Spy plane crash leaves Afghan mission blind

Canadian Press

POSTED AT 2:31 PM EST Tuesday, Jan. 20, 2004


Kabul — One of Canada's spy planes has crashed and gone missing in Afghanistan, almost two months to the day after another crash that temporarily halted the unmanned surveillance aircraft, or UAV, program.

“We don't know what happened,” Major Dyrald Cross said. “All we know is that it crashed.”

That leaves the Canadian Forces in Kabul with no more spy planes. They had four of them, but two others were damaged in “hard landings.”

A plane that crashed on Nov. 21 was the first to be destroyed after its parachute failed to open as the aircraft descended.

“This [latest] one, the causes are undetermined at the moment,” said Major Cross, who is in charge of the UAV program.

When the plane went down unexpectedly Tuesday, controllers were unable to pinpoint the crash site before dark. A crew of soldiers deployed to search out the aircraft were also unsuccessful in locating it.

“We know roughly where it is,” Major Cross said, “but it was too dark so we're waiting until morning to make sure the area is safe and have a better opportunity to find it in the daylight.”

Unlike commercial or manned aircraft, the UAV contains no beacons to direct searchers to its location. However, the software included in the machine can be tracked through a satellite-based Global Positioning System.

An investigation will be launched to determine why the plane's 65-horsepower Bombardier engine shut down unexpectedly, causing the 3 1/2-metre-long plane to fall to the ground.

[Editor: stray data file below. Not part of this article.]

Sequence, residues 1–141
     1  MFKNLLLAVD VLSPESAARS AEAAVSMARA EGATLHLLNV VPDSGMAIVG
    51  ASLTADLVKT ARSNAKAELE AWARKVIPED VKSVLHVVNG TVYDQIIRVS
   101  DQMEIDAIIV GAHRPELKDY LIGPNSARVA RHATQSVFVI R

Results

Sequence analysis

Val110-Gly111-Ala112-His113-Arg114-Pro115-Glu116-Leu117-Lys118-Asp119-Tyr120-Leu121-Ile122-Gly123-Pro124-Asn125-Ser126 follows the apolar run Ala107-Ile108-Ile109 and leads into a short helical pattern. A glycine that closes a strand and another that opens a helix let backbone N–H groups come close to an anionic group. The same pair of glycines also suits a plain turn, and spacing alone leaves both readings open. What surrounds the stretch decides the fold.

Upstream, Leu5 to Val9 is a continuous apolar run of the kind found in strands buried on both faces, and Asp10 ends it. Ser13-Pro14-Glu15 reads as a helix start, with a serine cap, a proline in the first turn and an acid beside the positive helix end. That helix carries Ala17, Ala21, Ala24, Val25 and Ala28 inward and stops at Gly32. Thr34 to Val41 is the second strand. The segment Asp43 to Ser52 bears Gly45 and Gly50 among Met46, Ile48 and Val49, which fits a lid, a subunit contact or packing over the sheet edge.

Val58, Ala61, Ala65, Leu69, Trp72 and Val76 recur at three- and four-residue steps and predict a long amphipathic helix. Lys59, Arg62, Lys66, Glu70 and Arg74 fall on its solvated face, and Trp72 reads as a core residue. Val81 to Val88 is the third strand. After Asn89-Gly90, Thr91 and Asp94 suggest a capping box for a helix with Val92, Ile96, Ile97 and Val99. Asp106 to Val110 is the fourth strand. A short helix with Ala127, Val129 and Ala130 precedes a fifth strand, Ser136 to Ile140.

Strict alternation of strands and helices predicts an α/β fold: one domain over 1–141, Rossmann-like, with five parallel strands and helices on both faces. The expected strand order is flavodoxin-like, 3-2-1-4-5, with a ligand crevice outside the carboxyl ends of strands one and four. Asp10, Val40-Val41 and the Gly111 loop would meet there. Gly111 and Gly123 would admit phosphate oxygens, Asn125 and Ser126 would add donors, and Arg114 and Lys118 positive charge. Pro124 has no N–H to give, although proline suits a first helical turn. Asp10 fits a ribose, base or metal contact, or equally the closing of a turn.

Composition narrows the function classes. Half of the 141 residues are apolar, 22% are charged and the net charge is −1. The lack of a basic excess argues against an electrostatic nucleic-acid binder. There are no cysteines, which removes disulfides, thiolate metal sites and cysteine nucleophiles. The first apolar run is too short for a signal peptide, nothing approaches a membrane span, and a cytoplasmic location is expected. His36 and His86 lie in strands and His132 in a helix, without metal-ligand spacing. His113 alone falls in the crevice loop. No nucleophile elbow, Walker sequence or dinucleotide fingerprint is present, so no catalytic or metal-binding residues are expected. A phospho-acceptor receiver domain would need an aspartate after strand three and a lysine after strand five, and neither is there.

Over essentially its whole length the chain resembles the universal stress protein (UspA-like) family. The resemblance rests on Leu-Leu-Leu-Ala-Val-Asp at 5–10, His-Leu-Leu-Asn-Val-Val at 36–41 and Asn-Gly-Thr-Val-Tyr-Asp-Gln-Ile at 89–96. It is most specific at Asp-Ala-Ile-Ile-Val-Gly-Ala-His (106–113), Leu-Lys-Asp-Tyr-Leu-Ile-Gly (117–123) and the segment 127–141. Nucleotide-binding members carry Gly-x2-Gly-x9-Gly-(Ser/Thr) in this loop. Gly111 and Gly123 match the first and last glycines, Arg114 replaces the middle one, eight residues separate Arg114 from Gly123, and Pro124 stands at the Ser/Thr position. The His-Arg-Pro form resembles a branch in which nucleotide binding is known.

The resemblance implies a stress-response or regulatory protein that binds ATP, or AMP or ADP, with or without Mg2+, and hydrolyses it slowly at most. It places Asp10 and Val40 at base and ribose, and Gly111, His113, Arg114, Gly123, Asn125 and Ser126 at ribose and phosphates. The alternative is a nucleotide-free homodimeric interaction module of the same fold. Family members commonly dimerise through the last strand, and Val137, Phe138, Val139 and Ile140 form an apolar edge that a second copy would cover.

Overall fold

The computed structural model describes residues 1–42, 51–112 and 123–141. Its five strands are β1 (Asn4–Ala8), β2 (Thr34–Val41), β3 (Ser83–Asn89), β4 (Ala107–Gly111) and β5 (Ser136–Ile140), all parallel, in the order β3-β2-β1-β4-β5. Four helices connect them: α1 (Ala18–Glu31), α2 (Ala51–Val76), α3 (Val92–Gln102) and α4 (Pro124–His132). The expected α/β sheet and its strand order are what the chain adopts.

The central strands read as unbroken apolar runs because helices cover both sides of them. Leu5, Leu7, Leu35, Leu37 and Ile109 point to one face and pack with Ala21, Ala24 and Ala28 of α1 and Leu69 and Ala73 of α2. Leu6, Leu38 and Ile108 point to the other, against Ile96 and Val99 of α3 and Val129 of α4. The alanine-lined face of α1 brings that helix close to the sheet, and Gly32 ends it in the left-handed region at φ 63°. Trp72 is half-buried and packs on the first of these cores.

The spy planes had been used by the NATO-led International Security Assistance Force since mid-December, when testing of the $33-million, high-reconnaissance system was completed.

The UAVs are launched by catapult from the back of a truck, and travel at almost 150 kilometres an hour, capturing video through cameras mounted in a ball on the underside of the aircraft. There is also a forward-looking, wide-angle camera mounted in the UAV's nose from which ground “pilots” can fly the aircraft by sight.

Built by Sagem of France, a subsidiary of Orlicon Canada, the planes were able to peer down on Kabul and the city's surrounding mountains to provide surveillance information to soldiers on the ground. In fact, it was used to aid Canadian soldiers as they raided a compound in the Afghan capital Sunday in search of drug smugglers with possible connections to a terrorist organization.

On Tuesday, Lieutenant-Colonel Don Denne confirmed that evidence was found “linking the compound and those in it to both drug trafficking and terrorist groups.”

However, when pressed, Col. Denne said he couldn't provide further details, citing security concerns.

“We've got certain items of interest including weapons, small amounts of narcotics and cash,” he added without getting specific. “We don't want anybody out there, and especially a terrorist group, to know what we are interested in, what we have found.”

Sixteen men were detained during the raid, although it's unclear whether any charges have been laid or whether any of them remain in custody.

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